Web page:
Amur Leopard Cubs Debut

Critically endangered Amur leopard cubs make debut News

A pair of critically endangered Amur leopard cubs are taking their first tiny steps in public today but their progress is huge leap for their endangered species. The leopards were born in June at Leopard Heights in the award-winning Yorkshire Wildlife Park as part of a crucial international conservation project.

Amur leopards are one of the most threatened species on the planet. Only 70 of the majestic animals survive in the wild in the Far East of Russia and China and the fight to rebuild their numbers has been painstaking. The cubs and their parents, Drake and Freya, could be critical in an international plan to reintroduce them back into the native habitat in a remote region of the far east of Russia.

“There has been a huge international effort to secure the future of this species and the two cubs are part of an exciting programme working towards re-introducing them to the wild,” said Simon Marsh, Animal Collection Manager at the park, in Branton near Doncaster. “Conservation and welfare is at the heart of everything we do here so this is painstaking work but with a potentially incredible outcome.”Simon Marsh, Animal Collection Manager

The young male leopards have just had all their vaccinations and are strong enough to appear in public. “I’m sure visitors will be delighted to see them,” said Mr Marsh. “We are working so hard to make sure the Amur Leopard can prosper in the wild and that we can make a real contribution to save a species that is on the edge of extinction.”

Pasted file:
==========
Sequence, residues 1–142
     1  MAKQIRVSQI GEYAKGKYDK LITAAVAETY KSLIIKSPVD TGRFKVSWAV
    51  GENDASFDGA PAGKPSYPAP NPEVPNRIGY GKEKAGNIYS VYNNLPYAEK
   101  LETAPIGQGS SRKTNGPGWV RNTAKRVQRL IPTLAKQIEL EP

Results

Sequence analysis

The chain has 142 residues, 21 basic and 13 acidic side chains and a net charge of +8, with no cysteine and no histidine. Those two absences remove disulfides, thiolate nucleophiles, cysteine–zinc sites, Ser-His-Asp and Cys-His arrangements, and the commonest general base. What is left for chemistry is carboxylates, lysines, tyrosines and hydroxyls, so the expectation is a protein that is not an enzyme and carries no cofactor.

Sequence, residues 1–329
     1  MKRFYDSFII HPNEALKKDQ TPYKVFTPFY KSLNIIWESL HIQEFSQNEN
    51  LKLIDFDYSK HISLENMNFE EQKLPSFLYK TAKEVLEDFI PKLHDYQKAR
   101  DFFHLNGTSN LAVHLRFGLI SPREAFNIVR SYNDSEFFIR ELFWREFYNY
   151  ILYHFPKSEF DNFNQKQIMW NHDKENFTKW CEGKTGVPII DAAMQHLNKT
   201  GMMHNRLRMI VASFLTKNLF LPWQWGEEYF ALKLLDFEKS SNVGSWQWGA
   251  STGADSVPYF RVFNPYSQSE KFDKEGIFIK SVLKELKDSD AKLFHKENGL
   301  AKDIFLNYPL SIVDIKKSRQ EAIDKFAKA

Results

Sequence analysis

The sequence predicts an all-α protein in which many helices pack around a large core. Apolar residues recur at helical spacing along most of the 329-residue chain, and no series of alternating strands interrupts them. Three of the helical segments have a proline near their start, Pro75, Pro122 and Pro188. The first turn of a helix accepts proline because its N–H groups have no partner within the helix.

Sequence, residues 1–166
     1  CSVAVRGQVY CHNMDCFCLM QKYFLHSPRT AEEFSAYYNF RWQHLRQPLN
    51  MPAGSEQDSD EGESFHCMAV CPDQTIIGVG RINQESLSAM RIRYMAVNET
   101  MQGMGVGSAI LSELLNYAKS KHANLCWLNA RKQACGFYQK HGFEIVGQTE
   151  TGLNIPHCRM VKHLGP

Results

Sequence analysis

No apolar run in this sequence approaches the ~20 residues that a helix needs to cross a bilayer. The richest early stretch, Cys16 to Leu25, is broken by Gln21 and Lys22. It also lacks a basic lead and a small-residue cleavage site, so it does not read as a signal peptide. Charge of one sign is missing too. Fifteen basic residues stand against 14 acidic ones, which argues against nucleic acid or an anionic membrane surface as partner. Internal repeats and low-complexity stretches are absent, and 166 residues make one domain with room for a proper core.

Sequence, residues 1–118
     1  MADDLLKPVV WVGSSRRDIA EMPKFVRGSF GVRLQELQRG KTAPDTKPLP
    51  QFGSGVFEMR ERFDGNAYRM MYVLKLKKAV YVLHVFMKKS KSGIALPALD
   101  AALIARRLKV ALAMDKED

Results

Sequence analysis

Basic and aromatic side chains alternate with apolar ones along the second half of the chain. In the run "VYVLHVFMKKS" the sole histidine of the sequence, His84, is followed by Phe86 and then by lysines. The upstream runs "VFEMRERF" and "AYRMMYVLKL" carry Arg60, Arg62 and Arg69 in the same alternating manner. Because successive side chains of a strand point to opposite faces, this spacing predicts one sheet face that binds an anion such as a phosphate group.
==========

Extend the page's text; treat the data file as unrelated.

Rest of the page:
Amur Leopard numbers dwindled because of disappearing habitat and poaching but conditions have stabilised and the Amur Tiger and Leopard Alliance (ALTA) recently announced plans for a re-introduction in the Lazovsky Nature Reserve in Southern Sikhote Alin, an area where leopards disappeared approximately 30 years ago.

Improved conservation efforts in Russia and China combined with an increase in the leopards’ traditional prey of sika deer has provided confidence that a new population numbers could rise over the next 15 years.

The YWP Amur Leopard reserve, Leopard Heights, won the BIAZA award for Significant Advances in Animal Husbandry and Welfare in 2013. The innovative three reserve layout was specifically designed as a breeding centre for these critically endangered cats, with the nursery area out of sight from visitors to give the young cubs and their mother peace and quiet for the first few months of their lives. The cubs are now feisty and starting to explore their reserve and are ready to move into the next area which has a smaller version of the climbing frame that is a feature of the main reserve where their father Drake can be seen.

Visitors to YWP have played a crucial part in the programme as the Amur Leopard and Tiger Alliance is one of the charities supported by the Yorkshire Wildlife Park Foundation.

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